Trying

 

This post is the first in a series that I hope will uncover some of the mystery around the creative process. I'll be diving into a bit of watercolor technique along the way, but more generally, discussing the work of art and what it takes to make something. 

Thanks for following along!

Students' first pots. 

Students' first pots. 

"I'm just not very artistic." As an art instructor, this is a phrase I hear all the time. And I totally get it. I feel that way about all kinds of things that I don't consider myself particularly good at. I mean, SO many things. But I think there's an important distinction to make when the thought "I'm just not very _____" creeps in. There are those who believe they can't learn something new and those who believe they can. My students, even if they tell me they aren't artistic, are in the latter group. They're in my class because there's at least a tiny part of them that believes they can create artwork. Maybe they haven't picked up a paintbrush since elementary school, but there they are in my class, ready to step out of their comfort zone and give it a try. 

My students inspire me a lot. 

Trying their hand at tulips.

Trying their hand at tulips.

Trying is foundational to the creative process. In order to bring something new into the world, a creator must be willing to try, fail, and try again. My students inspire me because they have decided to begin this process, even if they aren't sure whether or not they'll be good at it. As I discussed in my last post, starting something, especially a new thing, is hard. It takes courage and humility and a willingness to fail. I often tell my students that for every final piece of pottery or watercolor painting I create, there are usually at least five that didn't work out. Those "failed" pieces aren't a waste, though, because I always learn something through the process, even if it doesn't turn out the way I hoped it would.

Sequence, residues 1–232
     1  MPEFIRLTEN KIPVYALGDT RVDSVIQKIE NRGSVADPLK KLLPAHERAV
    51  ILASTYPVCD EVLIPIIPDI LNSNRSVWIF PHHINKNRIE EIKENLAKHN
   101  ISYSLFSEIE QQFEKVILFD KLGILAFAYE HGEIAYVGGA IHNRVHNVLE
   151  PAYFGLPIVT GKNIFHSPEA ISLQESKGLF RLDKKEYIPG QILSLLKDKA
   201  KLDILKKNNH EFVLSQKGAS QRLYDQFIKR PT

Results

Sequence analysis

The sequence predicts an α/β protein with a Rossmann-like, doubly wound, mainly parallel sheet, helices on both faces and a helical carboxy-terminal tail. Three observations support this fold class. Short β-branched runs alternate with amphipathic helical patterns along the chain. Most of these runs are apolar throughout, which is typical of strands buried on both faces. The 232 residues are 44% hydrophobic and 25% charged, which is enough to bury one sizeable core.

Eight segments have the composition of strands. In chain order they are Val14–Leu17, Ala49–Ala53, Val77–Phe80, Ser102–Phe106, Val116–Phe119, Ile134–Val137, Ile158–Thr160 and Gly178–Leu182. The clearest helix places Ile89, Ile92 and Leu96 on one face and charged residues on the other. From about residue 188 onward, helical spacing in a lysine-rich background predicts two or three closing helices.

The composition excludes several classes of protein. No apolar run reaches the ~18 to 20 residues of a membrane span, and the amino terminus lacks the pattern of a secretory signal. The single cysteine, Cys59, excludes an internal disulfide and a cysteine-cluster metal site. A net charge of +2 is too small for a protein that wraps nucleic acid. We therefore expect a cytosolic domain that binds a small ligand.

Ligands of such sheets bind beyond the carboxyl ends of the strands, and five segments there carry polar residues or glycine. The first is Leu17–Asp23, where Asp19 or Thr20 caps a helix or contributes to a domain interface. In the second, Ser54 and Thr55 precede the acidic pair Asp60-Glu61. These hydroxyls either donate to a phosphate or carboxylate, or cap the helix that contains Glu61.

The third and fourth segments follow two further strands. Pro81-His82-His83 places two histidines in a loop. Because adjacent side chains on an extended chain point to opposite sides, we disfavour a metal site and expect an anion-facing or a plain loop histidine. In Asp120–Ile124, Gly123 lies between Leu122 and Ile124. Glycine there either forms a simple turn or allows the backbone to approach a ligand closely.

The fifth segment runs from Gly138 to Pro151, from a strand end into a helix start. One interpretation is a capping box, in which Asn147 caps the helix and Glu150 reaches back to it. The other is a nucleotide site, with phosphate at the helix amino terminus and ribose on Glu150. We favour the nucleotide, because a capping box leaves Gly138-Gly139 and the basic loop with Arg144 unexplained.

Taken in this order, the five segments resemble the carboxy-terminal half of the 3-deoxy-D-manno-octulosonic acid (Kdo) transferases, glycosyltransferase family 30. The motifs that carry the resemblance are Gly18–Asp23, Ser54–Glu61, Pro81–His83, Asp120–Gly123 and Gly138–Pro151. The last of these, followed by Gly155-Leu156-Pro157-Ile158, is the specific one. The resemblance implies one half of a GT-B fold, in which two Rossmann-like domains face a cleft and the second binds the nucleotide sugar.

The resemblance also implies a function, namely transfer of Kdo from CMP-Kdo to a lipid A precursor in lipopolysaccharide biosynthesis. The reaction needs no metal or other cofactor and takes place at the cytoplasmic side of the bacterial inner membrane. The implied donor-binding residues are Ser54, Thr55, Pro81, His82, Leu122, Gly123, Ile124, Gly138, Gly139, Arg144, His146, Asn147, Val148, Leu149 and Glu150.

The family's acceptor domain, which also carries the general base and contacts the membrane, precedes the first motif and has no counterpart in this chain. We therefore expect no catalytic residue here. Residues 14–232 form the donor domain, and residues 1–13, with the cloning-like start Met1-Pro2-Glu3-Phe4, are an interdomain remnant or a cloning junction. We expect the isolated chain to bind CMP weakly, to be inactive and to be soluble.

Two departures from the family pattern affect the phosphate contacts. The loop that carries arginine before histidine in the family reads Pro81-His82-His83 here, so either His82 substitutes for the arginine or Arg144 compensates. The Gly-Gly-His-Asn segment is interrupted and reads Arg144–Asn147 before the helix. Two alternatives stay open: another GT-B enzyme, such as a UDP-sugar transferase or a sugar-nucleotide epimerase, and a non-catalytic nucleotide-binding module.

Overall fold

In fact, I used to think I couldn't paint flowers. A bouquet was the most overwhelming, perplexing object to me and I couldn't imagine being able to paint something so complex. My first attempts were not pretty. I would get caught up trying to paint every little detail and end up with an over-worked, convoluted mess. Many, many paintings were thrown away in frustration. But I kept trying. And trying and trying.

I still throw away a lot of paintings, and I've gotten comfortable with that. I'm not as intimidated by that blank white page as I used to be, because I know that I'll learn something from painting on it, even if it doesn't become a "final" painting. 

I've gotten a lot better at bouquets!

I've gotten a lot better at bouquets!

So, what's something you've been wanting to try? I know it can be scary. For some people, it's helpful to try something new in a group setting, where other people will also be starting from square one. I love when my students encourage each other and affirm the significance of those first, wobbly steps. Many places have community centers that offer all sorts of classes. Here in Fayetteville, the Community Creative Center, where I teach, has adult classes ranging from pottery to acrylic painting to figure drawing. It's fantastic! 

Wishing you the best in your next new endeavor, my friends! It's all about giving it a try.